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November 10, 2019    “There’s No More.   Yes; there is!”

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Dear Brothers & Sisters in Christ,

‘Sorry,  there’s no more.’   All out.   All gone.   That’s it.   That’s all she wrote.

When the message is, ‘there’s no more,’  that’s bad news;  people don’t like to hear that.  If you’re a  ‘black-Friday’ shopper, & you hear that news,  /after all that effort, / early arrival, / fighting the crowds, / & keeping your eye on the advertised specials,  you don’t want to hear the words  ‘there’s no more’.   Children don’t like to hear those words;  when they like a food or dessert: (maybe that’s why mom sings it) ‘no more.’    Even our pets learn to recognize that sound of bad news when they’re begging for something:  ‘all gone.’

Now, TV commercials like to play off the opposite of that phrase:  “You get all this for just 19.99;   but wait!  That’s not all = there’s more;  if you act now…”  ‘there’s more’   is perceived as being good news.   When you’re at a concert,  enjoying the beautiful music & having a wonderful evening;  and then the musicians acknowledge your applause,  and begin leaving the stage.  Sometimes,  if the applause is particularly enthusiastic & lengthy,  they return to the stage for a couple more songs. (encore)   There was no more;  but now there is still more.

For almost ALL things,  ‘there’s no more’  is bad news;   ‘there’s still more’  is good news.

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At the end of the Church Year,  and in hearing again about Judgment Day, / the Return of Jesus (2nd Advent),  and the End of the World,  it may sound like the message is  ‘that’s it;  there’s no more.’     When we stand beside a grave,  it feels like ‘that’s it;  there’s no more.’   But that IS NOT the final message  as it has been declared to us by our Creator Himself.

On Easter morning,  Jesus turned all the ‘no more’s’  into ‘there’s still more = much more in store for those who belong to Jesus.’   That good news gets the last word.

In the Gospel reading from Luke 20,  Jesus is in dispute with a group of religious leaders called the Sadducees.  The heart of the controversy is,  essentially,  between those two phrases.   The Sadducees are on the one side saying, “There’s no more.”  But Jesus is on the other side saying, “There’s still more.”  They talking about  the resurrection from the dead.   They use an illustration involving marriage,  but the dispute is not really about marriage;  they’re arguing about resurrection from the dead.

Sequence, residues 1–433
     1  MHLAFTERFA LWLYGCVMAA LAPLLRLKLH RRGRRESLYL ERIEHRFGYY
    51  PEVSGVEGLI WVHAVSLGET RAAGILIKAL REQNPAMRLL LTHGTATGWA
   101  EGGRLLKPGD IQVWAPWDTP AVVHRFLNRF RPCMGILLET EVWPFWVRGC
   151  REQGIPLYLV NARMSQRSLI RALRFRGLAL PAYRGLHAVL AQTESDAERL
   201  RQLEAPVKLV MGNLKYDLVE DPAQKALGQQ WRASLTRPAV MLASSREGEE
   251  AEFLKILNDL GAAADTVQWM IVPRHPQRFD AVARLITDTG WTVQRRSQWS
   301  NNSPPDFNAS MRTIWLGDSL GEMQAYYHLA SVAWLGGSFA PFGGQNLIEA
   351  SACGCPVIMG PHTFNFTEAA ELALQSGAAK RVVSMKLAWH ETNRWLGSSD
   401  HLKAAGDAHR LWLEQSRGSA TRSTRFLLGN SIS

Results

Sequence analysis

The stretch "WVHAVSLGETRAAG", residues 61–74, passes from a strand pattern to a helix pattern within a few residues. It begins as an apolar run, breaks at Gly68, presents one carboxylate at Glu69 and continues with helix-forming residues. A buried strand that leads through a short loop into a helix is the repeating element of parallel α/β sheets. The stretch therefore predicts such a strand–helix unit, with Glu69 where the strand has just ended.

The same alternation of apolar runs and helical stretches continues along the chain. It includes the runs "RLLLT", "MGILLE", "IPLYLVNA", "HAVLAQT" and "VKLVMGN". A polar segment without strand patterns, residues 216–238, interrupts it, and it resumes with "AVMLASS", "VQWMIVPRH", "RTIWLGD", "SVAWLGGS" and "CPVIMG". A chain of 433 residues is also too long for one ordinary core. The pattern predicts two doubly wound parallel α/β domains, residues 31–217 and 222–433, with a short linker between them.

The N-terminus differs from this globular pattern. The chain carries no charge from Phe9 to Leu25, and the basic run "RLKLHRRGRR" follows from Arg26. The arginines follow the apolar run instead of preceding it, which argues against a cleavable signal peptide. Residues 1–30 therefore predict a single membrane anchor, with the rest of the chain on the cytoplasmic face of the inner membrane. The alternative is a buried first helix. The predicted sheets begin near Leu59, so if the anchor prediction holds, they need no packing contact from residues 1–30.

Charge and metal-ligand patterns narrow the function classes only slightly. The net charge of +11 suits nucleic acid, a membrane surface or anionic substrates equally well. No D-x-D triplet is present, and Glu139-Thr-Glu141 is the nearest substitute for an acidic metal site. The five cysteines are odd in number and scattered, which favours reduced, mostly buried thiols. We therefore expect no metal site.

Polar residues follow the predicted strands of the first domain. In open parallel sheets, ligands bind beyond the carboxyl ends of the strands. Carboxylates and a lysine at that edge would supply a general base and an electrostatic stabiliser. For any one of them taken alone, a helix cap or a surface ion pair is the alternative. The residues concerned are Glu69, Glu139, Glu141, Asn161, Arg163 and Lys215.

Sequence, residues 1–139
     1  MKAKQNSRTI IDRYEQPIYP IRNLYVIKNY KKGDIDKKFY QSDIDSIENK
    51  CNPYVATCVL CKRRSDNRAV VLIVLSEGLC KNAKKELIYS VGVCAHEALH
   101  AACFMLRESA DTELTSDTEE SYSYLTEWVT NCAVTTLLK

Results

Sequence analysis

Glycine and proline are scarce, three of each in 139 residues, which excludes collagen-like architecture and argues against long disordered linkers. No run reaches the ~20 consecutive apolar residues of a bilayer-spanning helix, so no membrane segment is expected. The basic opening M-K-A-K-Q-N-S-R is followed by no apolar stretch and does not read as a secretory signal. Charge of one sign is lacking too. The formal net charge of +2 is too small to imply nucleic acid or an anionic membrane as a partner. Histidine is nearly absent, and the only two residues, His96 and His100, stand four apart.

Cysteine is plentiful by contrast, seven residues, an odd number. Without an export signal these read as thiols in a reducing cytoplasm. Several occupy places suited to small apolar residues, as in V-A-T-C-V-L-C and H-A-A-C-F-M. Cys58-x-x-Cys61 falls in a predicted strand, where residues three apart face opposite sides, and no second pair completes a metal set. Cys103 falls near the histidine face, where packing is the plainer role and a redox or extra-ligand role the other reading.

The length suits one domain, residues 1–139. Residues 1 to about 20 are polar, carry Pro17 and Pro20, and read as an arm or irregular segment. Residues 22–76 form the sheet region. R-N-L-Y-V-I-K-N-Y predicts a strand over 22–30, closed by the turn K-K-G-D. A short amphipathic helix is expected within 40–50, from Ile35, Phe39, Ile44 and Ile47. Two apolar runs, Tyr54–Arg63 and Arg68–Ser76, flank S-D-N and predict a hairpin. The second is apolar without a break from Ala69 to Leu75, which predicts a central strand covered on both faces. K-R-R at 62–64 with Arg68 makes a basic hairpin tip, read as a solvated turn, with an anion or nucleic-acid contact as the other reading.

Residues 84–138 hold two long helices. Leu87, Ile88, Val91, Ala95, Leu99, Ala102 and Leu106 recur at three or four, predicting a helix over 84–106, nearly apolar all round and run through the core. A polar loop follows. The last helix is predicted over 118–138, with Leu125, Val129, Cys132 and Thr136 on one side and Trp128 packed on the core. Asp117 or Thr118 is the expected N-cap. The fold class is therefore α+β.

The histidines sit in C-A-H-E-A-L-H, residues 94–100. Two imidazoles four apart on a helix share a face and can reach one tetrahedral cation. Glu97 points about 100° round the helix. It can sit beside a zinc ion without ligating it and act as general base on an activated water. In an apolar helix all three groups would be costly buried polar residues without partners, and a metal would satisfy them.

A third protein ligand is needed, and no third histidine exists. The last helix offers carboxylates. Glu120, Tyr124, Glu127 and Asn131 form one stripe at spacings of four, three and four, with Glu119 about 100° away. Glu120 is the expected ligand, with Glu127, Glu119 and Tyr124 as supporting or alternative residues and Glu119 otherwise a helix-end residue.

The Sadducees did not believe the day would come  when people would rise out of the graves,  and their bodies would live again.   One way to remember what the Sadducees did not believe  is to make a wordplay on their name.   They were ‘sad, you see’ = because they didn’t have anything more to look forward to after death;  ‘no more’ beyond this earthly life.

Now,  they were usually the more wealthy leaders,  so they could afford to enjoy this life ‘to the full.’    But when death came,  their minds hit a wall;  they couldn’t see beyond the grave,  or believe anything after death;  they didn’t have a hope that there was anything more.   There are ‘sadducees’ today;  those who lack hope beyond this life;  they don’t believe there’s more.

According to the Gospel of Matthew,  Jesus stopped them in their tracks & said:

“You are wrong,  because you know neither the Scriptures,  nor the power of God.”    And in both Matthew & Luke  we hear these words:  “…He is not God of the dead,  but of the living…”

In other words,  even Moses declared that there is life after death,  there is a resurrection,  because he calls the Lord,  “the God of Abraham, Isaac and Jacob,”   they were dead to the earth & gone,  but not dead to God.  He is the God of the living;  they are alive.

So,  while the Sadducees, {and some people in our day},  teach that this earth & life is all there is,  Jesus taught that when someone dies,  there’s still more to come;   that’s why we hope,  and that’s why we behave ourselves, too.     And Jesus wasn’t just talking about our souls going to be with him  when we die;  which is wonderful in itself.   But here  he was also talking about the end of time, / the Last Day, / the Day of Resurrection, //  when our bodies will rise out of the grave  =wherever our ‘dust & ashes’ may be=   He will raise us up.  God-in-the-flesh  has given good news to us:  there is still more.